Wednesday, February 24, 2010

Christian Theory Of Just War 3


May Christians remember that a crucified Jesus Christ was God's remedy for the evil powers that animate wicked men and nations. Let us purpose to fast, pray for and serve lands like Iraq – and Iran – caught in the grip of such forces. Let us commit to go to those lands and, if necessary, lay down our lives while armed not with an M-16 but with John 3:16.

I tell my students that we discuss such sorrowful events not because we hate America or we are nihilists without hope. To the contrary, it is because we believe in a sovereign, all-powerful, all-good God – Creator of the universe, Redeemer of us His elect company, and Sustainer of our weak needy souls – and we want to better know how we may please Him, and what are the obstacles and temptations to our doing so.

It is the truest patriot who loves his country enough to call her to task when she is in the wrong. Let the brave soldier who wears the uniform descended from Washington and those who froze at Valley Forge; from those who charged – and stood – at Cemetery Ridge; from those who scaled the cliffs at Pointe du Hoc and those who drove their torpedo planes into the teeth of the Japanese carrier force at Midway – let that soldier refuse the order which calls him to war on the innocents. For such an order is an immoral order and should not be obeyed by any American soldier.

And let the Christian clothed in the white robes of righteousness and descended from the Lord of eternity declare that attacks on innocent women and children are a blot on history and on the nation who commits such atrocities. Ultimately it is our humanity that is the collateral damage, we Americans, especially we American Christians – if we remain silent. ...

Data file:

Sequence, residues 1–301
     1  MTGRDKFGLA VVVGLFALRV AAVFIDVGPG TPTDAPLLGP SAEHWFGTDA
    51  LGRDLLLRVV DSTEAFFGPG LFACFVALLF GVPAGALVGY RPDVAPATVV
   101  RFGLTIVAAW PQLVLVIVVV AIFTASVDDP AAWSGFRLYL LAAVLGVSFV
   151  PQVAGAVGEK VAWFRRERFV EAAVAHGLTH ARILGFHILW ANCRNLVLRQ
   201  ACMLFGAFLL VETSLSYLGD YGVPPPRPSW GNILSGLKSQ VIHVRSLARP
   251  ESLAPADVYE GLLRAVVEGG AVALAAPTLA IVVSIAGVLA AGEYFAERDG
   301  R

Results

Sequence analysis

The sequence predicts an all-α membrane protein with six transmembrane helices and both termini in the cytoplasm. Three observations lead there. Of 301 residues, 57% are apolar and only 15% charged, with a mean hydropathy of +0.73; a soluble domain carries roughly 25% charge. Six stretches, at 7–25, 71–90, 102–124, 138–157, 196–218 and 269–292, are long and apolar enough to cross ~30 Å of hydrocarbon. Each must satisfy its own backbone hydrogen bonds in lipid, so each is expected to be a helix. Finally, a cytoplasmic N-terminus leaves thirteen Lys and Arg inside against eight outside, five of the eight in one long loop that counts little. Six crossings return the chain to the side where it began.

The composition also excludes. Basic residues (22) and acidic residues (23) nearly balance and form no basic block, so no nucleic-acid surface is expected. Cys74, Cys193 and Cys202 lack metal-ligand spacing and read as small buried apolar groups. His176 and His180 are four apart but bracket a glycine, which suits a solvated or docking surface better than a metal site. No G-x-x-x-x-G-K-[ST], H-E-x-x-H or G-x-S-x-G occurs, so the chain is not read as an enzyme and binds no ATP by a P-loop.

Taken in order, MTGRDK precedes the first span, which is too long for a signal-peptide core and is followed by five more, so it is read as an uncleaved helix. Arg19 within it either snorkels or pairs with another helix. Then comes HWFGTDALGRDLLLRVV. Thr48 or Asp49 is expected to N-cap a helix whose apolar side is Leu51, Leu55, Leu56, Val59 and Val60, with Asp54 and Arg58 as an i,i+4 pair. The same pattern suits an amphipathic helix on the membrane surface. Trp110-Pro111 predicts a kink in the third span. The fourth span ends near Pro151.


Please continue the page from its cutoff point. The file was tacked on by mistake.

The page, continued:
Christianity and Avatar
by John J. Dwyer article link
February 24, 2010 LewRockwell

... I support discussions of Avatar that enfold Cameron's "religion" and its flaws and dangers. That being said, recent attacks by professing believers – some of them Christians working in or around the motion picture industry – accusing the film of being "Anti-America, Anti-Military" announce the speakers’ own cultural and nationalistic idolatry, if not their ignorance of the gospel itself. Of course, if a Christian chooses Fox News, Sean Hannity, Ann Coulter books, and National Review magazine as their primary news sources, they'll be surprised to learn that our country's "military-industrial complex" – to use the famous words of that war hero and Republican President Dwight Eisenhower – has for generations acted as Cameron depicts it in Avatar.

Conservatives who deny the undeniable truth of our (often "well-intentioned") violent, rapacious, money- and power-fueled imperialistic behavior all over the globe are – well, they need some good teaching of the true "Christian history" sort. We should be thankful Cameron did not make Stephen Lang's villainous character in Avatar a Bible-spouting fundamentalist, as so many of our "noble warriors" actually are. (I was particularly struck by the recent story of a leading American arms manufacturer engraving Bible verses inside the barrels of the guns it made to kill people with.)